Still, I found a couple of similar 2012 Volts with 50-80,000 miles were available about $4000 less than the local dealer's $13,500 asking price but I couldn't buy a Volt from someone else without giving these folks a chance for my business.

A little background: Thirty years ago I was a buyer of that most ephemeral of products - television "air time." As a media guy, I know the dealer to be a stand-up bunch who takes care of their customers. I got the folks that I won the HHR from to use the dealership as the foreign cars they were offering wouldn't play in my community at all. I had to buy American and being a hyperlocal community site, I needed to buy local.

The car they had was a spotless, clean and well-optioned 2012 Volt Premium with good tires, clean Carfax and almost 3 years and 50,000 miles warranty on the Voltec Drive System. Some other parts of the warranty are also in place until 2022 and as a first time On-star user, apparently I can get five months of full coverage and three years basic with the purchase. (I had to find that out on my own.)

Back in 2009-10 - these folks were advertisers and I had been personally more excited about the Volt than I was about the new Camero in 2008. But being a bit outside the metro area, the dealership - which sells a ton of pickups, crossovers and SUVs - had little interest in promoting Volts then ... or now. I was surprised they had one used as they're whole marketing is aimed at the country music, NASCAR crowd.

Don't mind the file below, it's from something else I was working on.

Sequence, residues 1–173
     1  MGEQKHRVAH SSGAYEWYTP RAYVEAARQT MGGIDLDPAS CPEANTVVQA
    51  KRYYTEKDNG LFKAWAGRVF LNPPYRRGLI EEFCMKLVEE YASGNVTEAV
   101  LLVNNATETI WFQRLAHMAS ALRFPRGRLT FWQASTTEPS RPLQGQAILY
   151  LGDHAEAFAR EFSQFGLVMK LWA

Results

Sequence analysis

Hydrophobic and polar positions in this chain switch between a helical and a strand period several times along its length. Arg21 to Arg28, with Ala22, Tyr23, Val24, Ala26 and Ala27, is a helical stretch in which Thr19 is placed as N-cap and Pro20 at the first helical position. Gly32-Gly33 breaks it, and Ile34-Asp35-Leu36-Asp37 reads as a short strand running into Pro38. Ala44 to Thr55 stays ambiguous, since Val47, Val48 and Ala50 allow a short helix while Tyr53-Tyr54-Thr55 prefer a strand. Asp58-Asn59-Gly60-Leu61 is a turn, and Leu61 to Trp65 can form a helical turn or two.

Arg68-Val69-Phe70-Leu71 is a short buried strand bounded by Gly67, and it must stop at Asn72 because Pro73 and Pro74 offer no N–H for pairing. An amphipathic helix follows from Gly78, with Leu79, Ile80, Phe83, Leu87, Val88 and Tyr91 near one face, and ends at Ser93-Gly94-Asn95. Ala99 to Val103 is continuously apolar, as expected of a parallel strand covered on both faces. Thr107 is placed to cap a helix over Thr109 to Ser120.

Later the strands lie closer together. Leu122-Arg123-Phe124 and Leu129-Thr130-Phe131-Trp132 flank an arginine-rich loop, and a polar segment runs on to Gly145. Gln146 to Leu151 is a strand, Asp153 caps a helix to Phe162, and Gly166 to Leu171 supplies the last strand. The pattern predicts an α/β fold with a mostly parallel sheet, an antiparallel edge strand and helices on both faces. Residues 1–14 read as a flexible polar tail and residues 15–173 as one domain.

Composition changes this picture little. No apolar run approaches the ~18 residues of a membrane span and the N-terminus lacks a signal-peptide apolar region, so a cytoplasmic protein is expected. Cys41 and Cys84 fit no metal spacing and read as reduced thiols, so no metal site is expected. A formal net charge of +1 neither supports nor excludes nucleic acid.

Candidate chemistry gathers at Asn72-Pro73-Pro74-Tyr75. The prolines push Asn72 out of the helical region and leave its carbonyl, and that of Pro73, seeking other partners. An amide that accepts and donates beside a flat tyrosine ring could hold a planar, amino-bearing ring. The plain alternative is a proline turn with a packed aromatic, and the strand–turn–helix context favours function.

Their even having the Volt on the lot that the Carfax confirms was a two-owner bought at auction was the tell that told me they had room to negotiate from the $13,500 asking price.

And that is the part that probably will make some of you mad ... but makes me happy. At least in this market, the depreciation on a new one is a killer in this time of lower gas prices and "climate-denying you-got-to-be-a tree-hugger if you got an EV culture" that is exurban Georgia.

I chided them about their corporate lack of enthusiasm for EV's going back to the Volt's introduction and reminded them that GM will be introducing 10 models of PHEVs and pure EVs in the next three years and what are you going to do???

I told them I figured since they bought the car at auction, their all-in was probably eight grand and I was willing to give them ten. They countered at $12,500 and I said that wasn't good enough. The dealership normally closed at 7p and it was getting toward 8. I told them I needed to test drive the car overnight to show my wife as she would be the one driving it and I'd let them know in the morning. They wanted to be firm on the price before I took it home overnight.

I was getting antsy and they could tell so they came back with a counter offer and we closed the deal almost $2,900 off their asking price. I mean they are also a customer of mine and I didn't want to beat them up too bad; they do have overhead.